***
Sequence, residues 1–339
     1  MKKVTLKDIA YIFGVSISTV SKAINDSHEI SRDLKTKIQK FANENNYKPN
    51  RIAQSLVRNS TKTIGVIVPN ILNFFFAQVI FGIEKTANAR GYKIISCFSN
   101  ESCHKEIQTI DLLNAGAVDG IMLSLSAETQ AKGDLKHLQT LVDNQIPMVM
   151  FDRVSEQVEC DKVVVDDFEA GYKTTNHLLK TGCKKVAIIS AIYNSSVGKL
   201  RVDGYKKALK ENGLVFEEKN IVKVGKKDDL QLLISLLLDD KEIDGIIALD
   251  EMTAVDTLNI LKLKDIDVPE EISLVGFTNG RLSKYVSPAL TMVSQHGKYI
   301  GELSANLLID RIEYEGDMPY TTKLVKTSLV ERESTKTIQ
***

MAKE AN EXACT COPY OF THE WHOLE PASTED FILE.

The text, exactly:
Sequence, residues 1–339
     1  MKKVTLKDIA YIFGVSISTV SKAINDSHEI SRDLKTKIQK FANENNYKPN
    51  RIAQSLVRNS TKTIGVIVPN ILNFFFAQVI FGIEKTANAR GYKIISCFSN
   101  ESCHKEIQTI DLLNAGAVDG IMLSLSAETQ AKGDLKHLQT LVDNQIPMVM
   151  FDRVSEQVEC DKVVVDDFEA GYKTTNHLLK TGCKKVAIIS AIYNSSVGKL
   201  RVDGYKKALK ENGLVFEEKN IVKVGKKDDL QLLISLLLDD KEIDGIIALD
   251  EMTAVDTLNI LKLKDIDVPE EISLVGFTNG RLSKYVSPAL TMVSQHGKYI
   301  GELSANLLID RIEYEGDMPY TTKLVKTSLV ERESTKTIQ